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William Ahern is director of policy and communications at the Tax Foundation.
March 12, 2010
Can Income Tax Hikes Close the Deficit?
By William Ahern
When David Walker was head of the General Accounting Office, he changed the agency’s middle
name from Accounting to Accountability, but the concept hasn’t caught on in the executive and
legislative branches. The commentary pages of the nation’s newspapers are filled with foreboding
about the nation’s finances, urging accountability, but Congress and the President are full steam
ahead with their expansive spending plans.
As usual, the one number that everyone talks about is the budget deficit, and sober, nonpartisan
fiscal experts are agog at the Administration’s toleration of previously intolerable deficits.
Everyone has a slightly different idea of how high the federal deficit can be in an ordinary year
and still be “sustainable,” but in recent testimony to Congress, Federal Reserve Chairman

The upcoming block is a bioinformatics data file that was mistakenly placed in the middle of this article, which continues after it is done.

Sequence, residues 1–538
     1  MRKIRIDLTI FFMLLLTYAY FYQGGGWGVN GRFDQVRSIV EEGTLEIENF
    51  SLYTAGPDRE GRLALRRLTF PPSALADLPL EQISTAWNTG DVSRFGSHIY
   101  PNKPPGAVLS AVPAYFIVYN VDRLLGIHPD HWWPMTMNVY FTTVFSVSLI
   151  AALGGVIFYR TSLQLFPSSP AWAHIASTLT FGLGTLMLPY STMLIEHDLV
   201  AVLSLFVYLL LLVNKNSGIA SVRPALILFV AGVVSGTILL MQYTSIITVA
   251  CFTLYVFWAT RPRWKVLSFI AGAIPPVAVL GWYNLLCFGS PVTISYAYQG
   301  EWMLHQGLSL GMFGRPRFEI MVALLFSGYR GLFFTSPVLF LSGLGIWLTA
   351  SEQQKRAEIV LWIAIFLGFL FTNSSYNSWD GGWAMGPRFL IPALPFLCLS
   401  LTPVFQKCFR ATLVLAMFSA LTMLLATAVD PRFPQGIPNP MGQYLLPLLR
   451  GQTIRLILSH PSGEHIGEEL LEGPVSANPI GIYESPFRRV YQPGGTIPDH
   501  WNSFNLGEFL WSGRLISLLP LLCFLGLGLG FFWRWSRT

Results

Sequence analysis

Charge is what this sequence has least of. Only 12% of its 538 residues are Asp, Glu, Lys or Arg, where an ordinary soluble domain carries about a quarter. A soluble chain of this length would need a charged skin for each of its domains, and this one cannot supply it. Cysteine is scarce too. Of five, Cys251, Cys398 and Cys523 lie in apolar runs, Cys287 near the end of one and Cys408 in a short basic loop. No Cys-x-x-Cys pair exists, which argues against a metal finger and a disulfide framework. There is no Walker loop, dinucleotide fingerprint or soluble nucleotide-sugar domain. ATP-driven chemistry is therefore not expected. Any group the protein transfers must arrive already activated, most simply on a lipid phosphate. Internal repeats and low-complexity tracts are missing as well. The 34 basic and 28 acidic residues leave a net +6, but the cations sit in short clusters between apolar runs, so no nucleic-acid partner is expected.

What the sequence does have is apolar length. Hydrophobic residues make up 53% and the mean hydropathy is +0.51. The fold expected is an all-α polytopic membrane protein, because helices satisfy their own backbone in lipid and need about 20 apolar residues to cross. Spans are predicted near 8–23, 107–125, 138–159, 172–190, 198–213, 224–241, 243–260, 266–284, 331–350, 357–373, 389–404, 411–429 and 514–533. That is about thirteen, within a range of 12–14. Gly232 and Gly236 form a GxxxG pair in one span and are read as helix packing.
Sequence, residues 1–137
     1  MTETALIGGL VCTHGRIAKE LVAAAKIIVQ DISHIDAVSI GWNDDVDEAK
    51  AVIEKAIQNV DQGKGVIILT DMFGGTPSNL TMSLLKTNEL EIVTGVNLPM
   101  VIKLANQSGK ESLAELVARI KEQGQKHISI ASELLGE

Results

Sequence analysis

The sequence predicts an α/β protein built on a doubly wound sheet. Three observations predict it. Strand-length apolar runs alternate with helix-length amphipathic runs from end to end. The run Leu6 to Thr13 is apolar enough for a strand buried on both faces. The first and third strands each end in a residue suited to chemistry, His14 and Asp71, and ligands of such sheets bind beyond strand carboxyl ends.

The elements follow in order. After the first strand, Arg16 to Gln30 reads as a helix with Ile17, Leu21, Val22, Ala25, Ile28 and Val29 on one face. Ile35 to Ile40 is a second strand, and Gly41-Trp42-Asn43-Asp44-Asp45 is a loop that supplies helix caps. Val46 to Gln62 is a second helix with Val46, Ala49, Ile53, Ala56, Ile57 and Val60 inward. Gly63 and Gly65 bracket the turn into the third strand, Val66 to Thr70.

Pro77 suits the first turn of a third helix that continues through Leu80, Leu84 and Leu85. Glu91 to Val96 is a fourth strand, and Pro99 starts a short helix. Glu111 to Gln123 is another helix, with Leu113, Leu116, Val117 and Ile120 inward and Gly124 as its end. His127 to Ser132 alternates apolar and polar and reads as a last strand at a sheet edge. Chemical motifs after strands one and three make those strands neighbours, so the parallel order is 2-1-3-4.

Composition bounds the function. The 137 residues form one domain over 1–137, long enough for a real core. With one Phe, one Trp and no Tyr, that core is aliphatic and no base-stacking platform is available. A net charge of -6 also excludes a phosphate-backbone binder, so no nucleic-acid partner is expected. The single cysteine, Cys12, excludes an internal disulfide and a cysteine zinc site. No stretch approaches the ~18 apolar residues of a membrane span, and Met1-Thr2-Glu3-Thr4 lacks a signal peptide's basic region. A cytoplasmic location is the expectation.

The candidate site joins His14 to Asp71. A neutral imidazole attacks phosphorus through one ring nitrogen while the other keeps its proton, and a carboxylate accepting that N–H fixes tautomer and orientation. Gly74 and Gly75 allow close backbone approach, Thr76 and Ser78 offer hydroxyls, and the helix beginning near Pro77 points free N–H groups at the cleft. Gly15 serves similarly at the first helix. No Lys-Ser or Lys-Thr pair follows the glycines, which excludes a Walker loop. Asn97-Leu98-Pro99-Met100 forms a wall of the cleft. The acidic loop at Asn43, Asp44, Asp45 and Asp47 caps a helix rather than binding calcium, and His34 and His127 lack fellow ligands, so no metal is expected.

Bernanke said that the structural deficit was sustainable at 2.5 to 3 percent of GDP.1
At no point in the next ten years, according to the Obama Budget, will the deficit ever shrink to as
little as 3 percent of GDP. According to the CBO, it will never even get as low as 4 percent.2 And
the dire deficit predictions of reliable nonprofit groups like the Pew Trust and Peterson Foundation
are even more alarming: the deficit won’t even shrink to 5.5 percent of GDP in their analysis.3
‘Mind boggling’ is the term Martin Sullivan of Tax Analysts uses to describe the tax and spending
changes that would have to occur just to get the deficit down to 3 percent of GDP.
“Our gridlocked, dysfunctional Congress simply cannot bring itself to absorb these types of
painful shocks,” says Sullivan. “Given these unprecedented pressures I believe that within the next
1 Remark made during Q&A after submitting testimony to the House Committee on Financial Services on February
2 Congressional Bud